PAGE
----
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Recruiting

Dice Tech Salary Survey Results – 2014

Dice just released their 2014 technical salary survey results. You can download the full survey here.

The report provides insights into the current state of tech hiring across the U.S. The infographic below provides details of the top five salaries and markets for technical talent in 2013.

Dice_2014 Tech Salary Cities

In today’s competitive hiring market, retaining your best technical employees is vital. Rest assured your best technical talent is getting regular calls from recruiters. Will they listen? Are you doing enough to retain them?

The chart below breaks down some of the ways organizations attempted to retain their talent in 2013. They include compensation, increased responsibilities, recognition, and work flexibility.

Dice Retention Motivators

The full report goes into more details on the current state of technical salaries and expectations. More details below:

Dice’s Salary Survey Report for 2014 shows that salaries and confidence are rising for U.S. tech professionals, but tech powered companies are on edge as compensation satisfaction slips.

More tech professionals in the U.S. enjoyed merit raises last year, driving average salaries up nearly 3% to $87,811. Tech professionals understand they can easily find ways to grow their career in 2014, with two-thirds of respondents (65%) confident in finding a new, better position. That overwhelming confidence matched with declining salary satisfaction (54%, down from 57%) will keep tech-powered companies on edge about their retention strategies.

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Recruiting

The Anatomy Of A Top 10 LinkedIn Company Page: Inside NPR

The following post was originally published on the LinkedIn Talent Blog. You can find the original post here.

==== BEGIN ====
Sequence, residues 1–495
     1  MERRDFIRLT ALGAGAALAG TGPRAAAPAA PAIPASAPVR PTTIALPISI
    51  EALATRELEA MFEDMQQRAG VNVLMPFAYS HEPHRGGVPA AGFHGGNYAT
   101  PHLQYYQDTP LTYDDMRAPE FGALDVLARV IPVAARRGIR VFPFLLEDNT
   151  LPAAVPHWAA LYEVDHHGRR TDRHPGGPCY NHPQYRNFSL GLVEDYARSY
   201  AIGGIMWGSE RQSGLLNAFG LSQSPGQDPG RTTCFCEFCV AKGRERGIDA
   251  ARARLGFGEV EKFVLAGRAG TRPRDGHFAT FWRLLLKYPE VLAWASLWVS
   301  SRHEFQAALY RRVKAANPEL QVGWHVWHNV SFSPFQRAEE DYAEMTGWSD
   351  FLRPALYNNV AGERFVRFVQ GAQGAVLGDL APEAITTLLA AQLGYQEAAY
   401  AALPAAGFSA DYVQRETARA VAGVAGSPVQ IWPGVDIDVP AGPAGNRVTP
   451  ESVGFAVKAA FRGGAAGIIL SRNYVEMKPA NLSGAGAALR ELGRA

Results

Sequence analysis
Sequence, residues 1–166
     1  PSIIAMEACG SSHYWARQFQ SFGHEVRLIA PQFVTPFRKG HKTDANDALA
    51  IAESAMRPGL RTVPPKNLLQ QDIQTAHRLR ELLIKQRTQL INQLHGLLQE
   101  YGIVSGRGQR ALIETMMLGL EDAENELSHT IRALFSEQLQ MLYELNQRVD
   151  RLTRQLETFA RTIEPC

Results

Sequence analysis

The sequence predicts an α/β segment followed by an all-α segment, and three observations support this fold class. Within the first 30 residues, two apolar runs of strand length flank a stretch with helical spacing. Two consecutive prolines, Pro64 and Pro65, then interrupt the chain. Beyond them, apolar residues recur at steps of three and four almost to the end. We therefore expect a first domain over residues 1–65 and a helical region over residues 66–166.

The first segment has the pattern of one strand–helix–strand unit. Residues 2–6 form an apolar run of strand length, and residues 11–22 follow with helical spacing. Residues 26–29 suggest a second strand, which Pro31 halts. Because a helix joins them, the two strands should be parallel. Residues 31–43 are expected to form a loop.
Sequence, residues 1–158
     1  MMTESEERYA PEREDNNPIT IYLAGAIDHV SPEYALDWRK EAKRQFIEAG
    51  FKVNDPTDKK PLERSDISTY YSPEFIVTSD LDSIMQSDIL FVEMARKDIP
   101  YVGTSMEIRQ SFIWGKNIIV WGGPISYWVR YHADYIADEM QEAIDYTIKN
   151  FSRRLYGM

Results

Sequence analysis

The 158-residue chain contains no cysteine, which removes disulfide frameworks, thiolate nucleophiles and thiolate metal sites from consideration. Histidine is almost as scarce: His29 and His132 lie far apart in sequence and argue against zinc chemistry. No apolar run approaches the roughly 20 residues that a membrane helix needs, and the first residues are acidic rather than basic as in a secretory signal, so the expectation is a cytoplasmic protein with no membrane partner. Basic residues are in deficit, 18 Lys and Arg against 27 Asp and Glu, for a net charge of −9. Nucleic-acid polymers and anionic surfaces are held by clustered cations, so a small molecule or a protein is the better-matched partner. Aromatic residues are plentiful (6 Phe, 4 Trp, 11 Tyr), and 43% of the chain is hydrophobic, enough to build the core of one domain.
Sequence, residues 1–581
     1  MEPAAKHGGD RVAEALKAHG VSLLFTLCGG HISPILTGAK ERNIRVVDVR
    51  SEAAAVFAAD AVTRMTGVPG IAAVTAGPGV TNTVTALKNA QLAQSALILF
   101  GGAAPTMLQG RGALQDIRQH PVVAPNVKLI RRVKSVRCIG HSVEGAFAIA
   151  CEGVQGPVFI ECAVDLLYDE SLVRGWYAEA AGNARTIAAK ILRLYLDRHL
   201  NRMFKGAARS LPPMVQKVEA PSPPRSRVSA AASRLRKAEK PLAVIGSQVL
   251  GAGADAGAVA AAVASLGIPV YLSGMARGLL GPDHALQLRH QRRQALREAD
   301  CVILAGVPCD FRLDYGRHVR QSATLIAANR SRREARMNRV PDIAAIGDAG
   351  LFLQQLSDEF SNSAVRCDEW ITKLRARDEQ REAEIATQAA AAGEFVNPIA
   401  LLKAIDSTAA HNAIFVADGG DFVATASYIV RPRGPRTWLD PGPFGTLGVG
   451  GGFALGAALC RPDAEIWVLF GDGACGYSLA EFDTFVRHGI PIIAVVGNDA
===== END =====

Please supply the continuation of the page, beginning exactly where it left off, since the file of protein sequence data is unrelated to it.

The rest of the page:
Last week LinkedIn released their Top 10 Company Pages of 2013. I was surprised and excited to find NPR among them, listed alongside organizations like Kellogg, Adobe, Dell, Mashable, Hubspot and more. As an admitted employer branding geek, I’ve been preaching the benefits for years. I’m also a believer in open-source approaches to work, so wanted to share some of the tips and tactics that helped us make this list.

But wait, isn’t NPR a household name?

In the U.S., this is true. NPR has been around for over 40 years. We’re fortunate to have an incredibly engaged audience, and fans who support us. This certainly gives us an advantage around discovery, but LinkedIn company pages followers are only part of the formula. The real keys are content and engagement. Your name may get people to click the ‘follow’ button, but name alone won’t get them to return and engage with you.

Don’t you need a big staff and resources to be effective in talent branding?

This tends to be one of the bigger misconceptions about social media in general, particularly as it relates to recruiting and employer branding. You don’t need an army of Community Managers to be effective. You need discipline, and tools, and a learned sense of time management – but even if you’re a team of one, you can make an impact. At NPR, we’re a non-profit with limited resources and a lean three member recruiting team. This means that I solely manage our LinkedIn company page (among other responsibilities). It can be done effectively, you just need to be disciplined with your time and use tools to enhance your efficiency. More on that later. Continue reading

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Recruiting

Signing Off: My Career At NPR And What’s Next

Photo by Lars Schmidt

I’ll miss #nprsunset

I still remember my first week on the job at NPR in February 2011. I was touring All Things Considered at the beginning of the Arab Spring, watching the remarkable buzz and pace of the newsroom while covering a Mubarak speech. I sat in the main studio waiting room, speaking with a four star general before he stepped into the studio to be interviewed by Robert Siegel. It was so impressive to this newsroom neophyte, and I knew I joined something special.